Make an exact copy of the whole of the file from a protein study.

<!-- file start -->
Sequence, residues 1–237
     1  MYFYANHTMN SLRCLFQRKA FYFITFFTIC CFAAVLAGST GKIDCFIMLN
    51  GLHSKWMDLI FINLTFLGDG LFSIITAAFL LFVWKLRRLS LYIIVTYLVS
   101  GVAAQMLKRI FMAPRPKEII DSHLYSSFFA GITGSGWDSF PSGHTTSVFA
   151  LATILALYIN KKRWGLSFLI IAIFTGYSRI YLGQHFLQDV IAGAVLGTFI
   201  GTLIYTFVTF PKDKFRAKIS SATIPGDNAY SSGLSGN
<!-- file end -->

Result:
Sequence, residues 1–237
     1  MYFYANHTMN SLRCLFQRKA FYFITFFTIC CFAAVLAGST GKIDCFIMLN
    51  GLHSKWMDLI FINLTFLGDG LFSIITAAFL LFVWKLRRLS LYIIVTYLVS
   101  GVAAQMLKRI FMAPRPKEII DSHLYSSFFA GITGSGWDSF PSGHTTSVFA
   151  LATILALYIN KKRWGLSFLI IAIFTGYSRI YLGQHFLQDV IAGAVLGTFI
   201  GTLIYTFVTF PKDKFRAKIS SATIPGDNAY SSGLSGN